Yes, there will always be legitimate questions of Biblical interpretation and we may sincerely think that one group might have something wrong and be teaching people something false, but I think that just gives all the more evidence that we need each other.  We need to help hold each other accountable.  We still need prophetic voices like Luther’s that challenge us to get back to God’s Word and that lift up God’s Kingdom, but our voices must always be with a tone of grace and humility because we might be wrong on some other point ourselves.

Perhaps this will be a helpful way to explain this.  As a pastor and church leader I have been challenged and guided by a passage from the book of Hebrews.  In the 5th chapter the author is talking about the High Priest offering sacrifices for the people.  There was not a higher human position that one could attain in the Jewish religious structure.  This was the top guy; the most important human figure at the temple.  But even this person had to be careful.  This is what we find in verses 2 and 3 of that chapter: “[The High Priest] is able to deal gently with those who are ignorant and are going astray, since he himself is subject to weakness.  This is why he has to offer sacrifices for his own sins, as well as for the sins of the people.”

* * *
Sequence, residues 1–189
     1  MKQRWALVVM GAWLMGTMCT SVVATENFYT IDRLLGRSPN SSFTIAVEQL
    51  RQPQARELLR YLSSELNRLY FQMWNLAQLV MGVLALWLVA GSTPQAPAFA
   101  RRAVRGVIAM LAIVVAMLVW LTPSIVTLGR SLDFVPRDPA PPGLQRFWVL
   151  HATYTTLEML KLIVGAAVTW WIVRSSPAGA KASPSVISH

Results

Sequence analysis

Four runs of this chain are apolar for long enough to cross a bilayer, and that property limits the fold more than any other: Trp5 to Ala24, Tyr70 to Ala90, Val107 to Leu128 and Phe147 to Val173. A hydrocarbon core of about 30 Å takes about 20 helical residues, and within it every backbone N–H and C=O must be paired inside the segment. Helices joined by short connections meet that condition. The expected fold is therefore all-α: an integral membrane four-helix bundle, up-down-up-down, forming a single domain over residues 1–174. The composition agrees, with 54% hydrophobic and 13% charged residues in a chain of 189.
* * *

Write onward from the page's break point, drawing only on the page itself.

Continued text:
So as we remember a courageous act from an imperfect person, may we know that in all His power and wisdom, God still wants to use us sinful and broken vessels to proclaim His truths and help build His Kingdom.  May we seek His Kingdom above our individual church and denominational affiliations, but may we also faithfully serve those who do come our way in the churches and ministries that God has called us to during our time in history.

People-Pleasing is Not About Pleasing People